Four lines of evidence suggest that an RNA primer is synthesized by PRI1 and is subsequently elongated by DNA polymerase action. (i) Synthesis of poly(dA) on a poly(dT) template by Klenow DNA polymerase depends on the prior or concomitant incubation of the template with PRI1 and ATP. In the absence of PRI1, no synthesis of poly(dA) was observed. (ii) In a coupled reaction with both PRI1 and Klenow polymerase, the extent of poly(dA) synthesis was strongly stimulated by increasing levels of ATP. In the absence of ATP, no synthesis of poly(dA) was observed. (iii) Primed synthesis of poly(dA) by Klenow DNA polymerase is strongly inhibited by incubation of the primed template with RNase H prior to the addition of the Klenow DNA polymerase. (iv) The products synthesized by PRI1 and ATP on a poly(dT) template become elongated following heat inactivation of PRI1 and subsequent incubation with [α-32P]dATP and Klenow DNA polymerase. These results show that PRI1 synthesizes a 3′-hydroxyl-terminated oligoriboadenylate on a poly(dT) template.
We note that the poly(A) synthesized by PRI1 ranges in length up to at least 70 to 80 nucleotides, a result similar to that observed for the Drosophila melanogaster DNA polymerase/primase α with poly(dT) template (10). Oligoribonucleotides of this length are also synthesized on poly(dT) templates in vitro by the mammalian mitochondrial RNA polymerase, the enzyme that primes mitochondrial leading-strand synthesis and, possibly, lagging-strand synthesis as well (56, 60). The T. brucei mitochondrial RNA polymerase has been implicated in maxicircle replication based on RNAi of mitochondrial RNA polymerase (18). The mitochondrial RNA polymerase is predicted to have a molecular mass of 144 kDa and is related to the bacteriophage T7 family of RNA polymerases. Since maxicircles replicate by a unidirectional theta-type mechanism, it is reasonable to suppose that different enzymes might prime synthesis of leading and lagging strands. It remains to be determined whether oligoribonucleotides of the length observed here are synthesized by PRI1 on mitochondrial templates in vivo. RNA primers of less than 10 nucleotides are observed in vivo on the minicircle leading strand of nascent minicircles. Primers of this length could result from processing of prepriming RNAs or from rapid utilization of short primers by a mitochondrial DNA polymerase. It is also likely that additional mitochondrial primases exist in trypanosomes (unpublished data). An activity purified from the insect parasite Crithidia fasciculata synthesized poly(A) primers of 10 nucleotides or less on poly(dT) templates (25). The associated polypeptide was estimated to have a molecular mass of 28 kDa, less than half the size of the PRI1 protein.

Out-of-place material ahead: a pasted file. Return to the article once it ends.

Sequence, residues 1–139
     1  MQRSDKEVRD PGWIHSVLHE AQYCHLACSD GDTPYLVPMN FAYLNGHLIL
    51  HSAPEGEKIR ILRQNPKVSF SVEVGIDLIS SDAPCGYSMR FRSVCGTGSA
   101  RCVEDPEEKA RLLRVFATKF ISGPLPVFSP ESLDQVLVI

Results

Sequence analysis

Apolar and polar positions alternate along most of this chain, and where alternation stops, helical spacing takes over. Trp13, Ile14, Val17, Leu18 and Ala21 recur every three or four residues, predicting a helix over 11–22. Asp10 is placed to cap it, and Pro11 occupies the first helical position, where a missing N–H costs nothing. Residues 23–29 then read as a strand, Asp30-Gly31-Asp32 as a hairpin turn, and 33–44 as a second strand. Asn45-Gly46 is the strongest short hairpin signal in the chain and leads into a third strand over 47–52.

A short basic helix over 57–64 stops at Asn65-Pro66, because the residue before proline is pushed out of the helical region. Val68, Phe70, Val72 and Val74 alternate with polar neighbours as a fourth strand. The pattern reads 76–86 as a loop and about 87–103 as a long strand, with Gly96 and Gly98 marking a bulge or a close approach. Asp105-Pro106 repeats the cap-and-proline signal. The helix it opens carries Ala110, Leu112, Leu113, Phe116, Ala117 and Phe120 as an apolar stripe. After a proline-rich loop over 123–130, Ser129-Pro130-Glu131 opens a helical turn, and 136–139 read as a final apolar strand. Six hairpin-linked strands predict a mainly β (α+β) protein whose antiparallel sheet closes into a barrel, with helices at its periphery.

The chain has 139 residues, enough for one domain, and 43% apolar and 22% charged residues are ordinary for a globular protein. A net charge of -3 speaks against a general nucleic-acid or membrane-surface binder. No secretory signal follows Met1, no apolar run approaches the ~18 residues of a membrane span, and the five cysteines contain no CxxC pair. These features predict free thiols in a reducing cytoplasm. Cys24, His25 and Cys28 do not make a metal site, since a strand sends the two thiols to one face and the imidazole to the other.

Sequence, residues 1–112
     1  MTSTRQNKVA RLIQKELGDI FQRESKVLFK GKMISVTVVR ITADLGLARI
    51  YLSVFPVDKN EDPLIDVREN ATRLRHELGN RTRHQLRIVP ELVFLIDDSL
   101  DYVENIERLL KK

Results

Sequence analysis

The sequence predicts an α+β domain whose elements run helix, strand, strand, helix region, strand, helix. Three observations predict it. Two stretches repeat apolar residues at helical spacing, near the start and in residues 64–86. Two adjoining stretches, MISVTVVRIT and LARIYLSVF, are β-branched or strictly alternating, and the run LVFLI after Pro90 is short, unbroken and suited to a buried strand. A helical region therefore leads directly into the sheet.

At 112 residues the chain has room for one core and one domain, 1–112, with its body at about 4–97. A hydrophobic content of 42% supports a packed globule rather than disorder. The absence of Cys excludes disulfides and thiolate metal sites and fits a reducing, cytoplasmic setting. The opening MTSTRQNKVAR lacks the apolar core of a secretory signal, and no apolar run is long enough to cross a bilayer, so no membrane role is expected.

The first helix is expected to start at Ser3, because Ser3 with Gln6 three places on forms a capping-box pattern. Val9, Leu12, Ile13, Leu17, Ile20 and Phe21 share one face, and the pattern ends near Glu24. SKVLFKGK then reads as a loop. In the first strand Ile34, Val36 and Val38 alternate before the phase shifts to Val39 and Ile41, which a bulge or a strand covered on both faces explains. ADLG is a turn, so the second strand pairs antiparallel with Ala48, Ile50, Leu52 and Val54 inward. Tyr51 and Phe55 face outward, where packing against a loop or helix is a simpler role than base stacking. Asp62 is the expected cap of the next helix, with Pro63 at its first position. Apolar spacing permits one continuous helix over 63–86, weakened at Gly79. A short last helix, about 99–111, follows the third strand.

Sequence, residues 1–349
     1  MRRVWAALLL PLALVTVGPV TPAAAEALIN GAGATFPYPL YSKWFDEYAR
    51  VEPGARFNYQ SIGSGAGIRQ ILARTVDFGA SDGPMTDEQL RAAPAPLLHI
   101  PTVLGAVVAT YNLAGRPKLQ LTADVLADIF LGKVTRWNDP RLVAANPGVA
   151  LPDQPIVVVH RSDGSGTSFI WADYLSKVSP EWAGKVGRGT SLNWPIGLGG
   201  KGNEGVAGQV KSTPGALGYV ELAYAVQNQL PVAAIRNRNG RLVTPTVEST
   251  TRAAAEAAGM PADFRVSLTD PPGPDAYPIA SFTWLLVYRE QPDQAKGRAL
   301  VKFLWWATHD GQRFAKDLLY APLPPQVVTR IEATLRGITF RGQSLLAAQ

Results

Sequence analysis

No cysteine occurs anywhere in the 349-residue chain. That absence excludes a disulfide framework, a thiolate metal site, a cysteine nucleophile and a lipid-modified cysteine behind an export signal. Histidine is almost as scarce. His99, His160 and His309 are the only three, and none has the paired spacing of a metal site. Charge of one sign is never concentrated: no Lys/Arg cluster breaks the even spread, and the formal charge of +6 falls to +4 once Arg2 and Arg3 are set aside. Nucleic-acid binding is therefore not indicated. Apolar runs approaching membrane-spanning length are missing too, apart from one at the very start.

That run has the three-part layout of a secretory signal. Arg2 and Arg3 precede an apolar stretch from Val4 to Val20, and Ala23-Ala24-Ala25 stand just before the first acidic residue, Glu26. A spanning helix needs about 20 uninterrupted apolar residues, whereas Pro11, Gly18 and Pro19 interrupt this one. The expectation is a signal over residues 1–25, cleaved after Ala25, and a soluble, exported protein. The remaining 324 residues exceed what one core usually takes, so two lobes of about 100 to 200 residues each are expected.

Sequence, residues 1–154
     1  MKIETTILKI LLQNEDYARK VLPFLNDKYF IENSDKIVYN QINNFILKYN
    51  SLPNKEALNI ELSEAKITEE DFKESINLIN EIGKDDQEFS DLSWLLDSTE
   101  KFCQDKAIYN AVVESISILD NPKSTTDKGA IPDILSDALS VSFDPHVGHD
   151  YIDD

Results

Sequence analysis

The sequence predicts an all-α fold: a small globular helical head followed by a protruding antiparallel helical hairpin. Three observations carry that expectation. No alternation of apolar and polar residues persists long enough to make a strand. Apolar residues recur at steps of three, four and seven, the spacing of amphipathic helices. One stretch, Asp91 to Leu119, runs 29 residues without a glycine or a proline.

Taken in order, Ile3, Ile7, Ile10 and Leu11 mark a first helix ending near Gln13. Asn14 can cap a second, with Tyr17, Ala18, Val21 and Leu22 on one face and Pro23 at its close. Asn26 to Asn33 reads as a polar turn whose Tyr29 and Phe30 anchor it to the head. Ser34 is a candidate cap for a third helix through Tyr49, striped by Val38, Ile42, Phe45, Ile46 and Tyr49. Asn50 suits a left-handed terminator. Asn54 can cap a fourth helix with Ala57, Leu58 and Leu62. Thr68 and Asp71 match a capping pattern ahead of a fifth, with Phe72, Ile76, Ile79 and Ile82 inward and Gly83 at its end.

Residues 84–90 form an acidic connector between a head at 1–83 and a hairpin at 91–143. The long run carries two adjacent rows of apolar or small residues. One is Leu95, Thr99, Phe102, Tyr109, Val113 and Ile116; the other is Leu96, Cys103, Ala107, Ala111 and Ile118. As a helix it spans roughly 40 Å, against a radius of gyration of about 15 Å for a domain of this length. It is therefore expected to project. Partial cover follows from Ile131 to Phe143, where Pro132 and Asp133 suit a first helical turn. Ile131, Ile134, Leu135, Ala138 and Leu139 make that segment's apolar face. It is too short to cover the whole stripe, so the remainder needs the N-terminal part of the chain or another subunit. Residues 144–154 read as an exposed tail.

With the large number of kinetoplast-specific replication proteins that are known, it is striking how little is known regarding the enzymatic mechanisms and protein interactions involved in initiating minicircle and maxicircle replication. RNA priming of minicircle DNA replication has been known for over 20 years, and yet, direct studies of the enzymatic mechanism of initiation of minicircle replication have not been possible. RNAi of PRI1 resulted in the loss of maxicircle DNA, consistent with PRI1 functioning in priming of the replication of maxicircle DNA. The lower rate of loss of minicircles during PRI1 RNAi suggests that their loss may be a secondary effect of the loss of maxicircles, although a direct role of PRI1 in minicircle replication is also possible. Now that trypanosome mitochondrial minicircle origin-binding proteins, DNA polymerases, DNA helicases, and RNA polymerase have been identified and characterized, the addition of a mitochondrial DNA primase to the repertoire of available replication proteins should allow us to begin in vitro studies of kDNA replication.
This work was supported by NIH grant GM53254 to D.S.R.
We thank Charlie McHenry for dnaG protein and anti-dnaG antibodies, George Cross for T. brucei 29-13 cells, Kent Hill for plasmid DNA and YTaT.1 cells, Josh Beck for assistance with microscopy, and Peter Bradley for use of his microscope.
Published ahead of print on 11 January 2010.
†Supplemental material for this article may be found at http://mcb.asm.org/.